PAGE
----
New report: Costly hydropower subsidies wreak environmental havoc in Albania

Disproportionate public subsidies for small hydropower in the Western Balkans have resulted in widespread environmental damage, finds a new study released today by CEE Bankwatch Network. Even though it is changing its incentives system, Albania is still paying the most in the region to small hydropower producers, shows the report.

Fuelled by generous state-sponsored feed-in tariffs, the number of hydropower plants under 10 megawatts in Albania, Bosnia and Herzegovina, Kosovo, Montenegro, North Macedonia and Serbia quadrupled from 108 to at least 488 between 2009 and 2018. Of these, 143 are in Albania – the highest number in the region.

In 2018 no less than 70 per cent of renewable energy incentives awarded in the region benefited small hydropower. Despite this support, small hydropower only generated 3.6 per cent of total electricity.

Report: Hydropower plants in the Western Balkans. Who pays, who benefits?

Albania is the only country in the region apart from Serbia that has allowed feed-in tariffs for hydropower plants up to 15 MW. In 2018, 153 plants were in this category, and feed-in tariffs cost the public EUR 93.5 million – the highest amount in the region.

These plants generated 16.3 per cent of Albania’s electricity, but at an enormous environmental and social cost. Rivers like the Rrapuni near Librazhd and Fan in Mirditë  have been dammed and put into derivation pipes, leaving riverbeds dry and the communities who depend on them without vital sources of water.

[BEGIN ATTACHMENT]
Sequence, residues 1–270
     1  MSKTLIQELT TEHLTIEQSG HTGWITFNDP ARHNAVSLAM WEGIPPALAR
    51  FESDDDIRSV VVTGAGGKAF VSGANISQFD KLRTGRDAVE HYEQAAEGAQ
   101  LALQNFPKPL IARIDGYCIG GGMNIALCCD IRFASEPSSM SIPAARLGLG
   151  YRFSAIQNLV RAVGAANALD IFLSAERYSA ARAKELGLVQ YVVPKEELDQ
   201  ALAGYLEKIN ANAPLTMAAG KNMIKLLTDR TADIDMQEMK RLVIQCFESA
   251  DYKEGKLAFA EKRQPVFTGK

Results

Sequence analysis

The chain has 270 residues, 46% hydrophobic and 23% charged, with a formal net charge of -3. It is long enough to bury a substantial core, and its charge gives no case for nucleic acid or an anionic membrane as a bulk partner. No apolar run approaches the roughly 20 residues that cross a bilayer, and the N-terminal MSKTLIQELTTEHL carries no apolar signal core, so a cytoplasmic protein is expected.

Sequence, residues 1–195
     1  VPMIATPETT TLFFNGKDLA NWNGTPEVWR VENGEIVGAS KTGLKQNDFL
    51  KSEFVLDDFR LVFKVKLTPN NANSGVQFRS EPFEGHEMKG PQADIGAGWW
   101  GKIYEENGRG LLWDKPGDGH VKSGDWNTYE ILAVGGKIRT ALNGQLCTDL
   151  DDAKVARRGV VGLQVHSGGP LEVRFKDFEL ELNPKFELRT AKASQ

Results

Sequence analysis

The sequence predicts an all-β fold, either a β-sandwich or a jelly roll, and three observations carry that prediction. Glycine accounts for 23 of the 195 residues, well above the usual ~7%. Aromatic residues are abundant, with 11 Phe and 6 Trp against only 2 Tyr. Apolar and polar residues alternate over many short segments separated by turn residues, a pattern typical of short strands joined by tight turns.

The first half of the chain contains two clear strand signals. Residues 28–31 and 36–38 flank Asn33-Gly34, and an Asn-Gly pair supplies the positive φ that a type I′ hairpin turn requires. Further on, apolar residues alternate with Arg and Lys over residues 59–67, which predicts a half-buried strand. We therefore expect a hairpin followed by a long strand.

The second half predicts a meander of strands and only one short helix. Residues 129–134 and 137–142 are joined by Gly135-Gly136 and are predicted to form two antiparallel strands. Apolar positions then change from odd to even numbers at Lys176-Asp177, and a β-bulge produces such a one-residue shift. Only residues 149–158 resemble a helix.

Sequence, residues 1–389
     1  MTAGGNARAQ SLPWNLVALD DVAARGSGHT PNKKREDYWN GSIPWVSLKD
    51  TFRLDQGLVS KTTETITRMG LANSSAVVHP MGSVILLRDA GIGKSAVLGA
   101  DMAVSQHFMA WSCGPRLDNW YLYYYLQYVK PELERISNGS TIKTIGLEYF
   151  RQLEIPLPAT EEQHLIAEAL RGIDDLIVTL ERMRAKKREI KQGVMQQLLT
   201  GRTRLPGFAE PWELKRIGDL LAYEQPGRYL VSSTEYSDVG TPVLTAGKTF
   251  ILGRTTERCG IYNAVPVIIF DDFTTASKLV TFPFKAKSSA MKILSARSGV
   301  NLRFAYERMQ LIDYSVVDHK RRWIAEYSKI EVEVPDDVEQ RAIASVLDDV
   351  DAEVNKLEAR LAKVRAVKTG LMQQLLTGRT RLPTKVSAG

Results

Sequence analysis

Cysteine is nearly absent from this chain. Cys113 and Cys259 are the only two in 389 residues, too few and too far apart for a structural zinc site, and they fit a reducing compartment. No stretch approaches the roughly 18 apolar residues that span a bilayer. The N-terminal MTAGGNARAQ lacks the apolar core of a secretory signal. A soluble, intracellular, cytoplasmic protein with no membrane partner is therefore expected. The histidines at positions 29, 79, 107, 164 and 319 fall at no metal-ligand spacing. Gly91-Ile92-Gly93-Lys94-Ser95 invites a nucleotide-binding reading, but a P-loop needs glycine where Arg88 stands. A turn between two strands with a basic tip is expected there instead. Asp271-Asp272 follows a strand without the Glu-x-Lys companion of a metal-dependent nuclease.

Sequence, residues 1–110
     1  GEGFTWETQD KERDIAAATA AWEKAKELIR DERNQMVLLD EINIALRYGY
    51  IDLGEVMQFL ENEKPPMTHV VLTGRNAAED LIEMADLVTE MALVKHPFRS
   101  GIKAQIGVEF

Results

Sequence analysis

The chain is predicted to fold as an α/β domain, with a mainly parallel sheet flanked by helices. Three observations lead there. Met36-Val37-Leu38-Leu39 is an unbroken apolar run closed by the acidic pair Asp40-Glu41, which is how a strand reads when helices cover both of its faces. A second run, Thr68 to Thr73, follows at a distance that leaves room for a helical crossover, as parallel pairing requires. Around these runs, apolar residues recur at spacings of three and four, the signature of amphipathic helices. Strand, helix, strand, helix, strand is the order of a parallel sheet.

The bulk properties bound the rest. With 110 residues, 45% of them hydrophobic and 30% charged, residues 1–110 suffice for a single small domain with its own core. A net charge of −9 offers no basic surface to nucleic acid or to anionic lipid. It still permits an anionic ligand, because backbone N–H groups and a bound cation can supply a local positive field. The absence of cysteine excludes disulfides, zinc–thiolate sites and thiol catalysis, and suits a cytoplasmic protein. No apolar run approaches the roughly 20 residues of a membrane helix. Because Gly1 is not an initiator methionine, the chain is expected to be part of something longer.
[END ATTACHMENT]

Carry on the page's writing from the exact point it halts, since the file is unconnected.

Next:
Since 2017, Albania has been in the process of changing its renewable energy subsidies system to one that would lower the costs for energy consumers, but the contracts already signed are still valid for several more years. Under the new system, most new hydropower projects would have to compete in auctions, but they could still be eligible for subsidies paid by electricity consume

“Albania must end hydropower subsidies and diversify its electricity generation using solar and wind,” said Olsi Nika, Executive Director of EcoAlbania “In addition, existing feed-in tariff contracts for small hydropower plants need to be reviewed as they are valid for several more years. Any which granted incentives without all the legal conditions being fulfilled or for which the environmental permits have expired must be cancelled.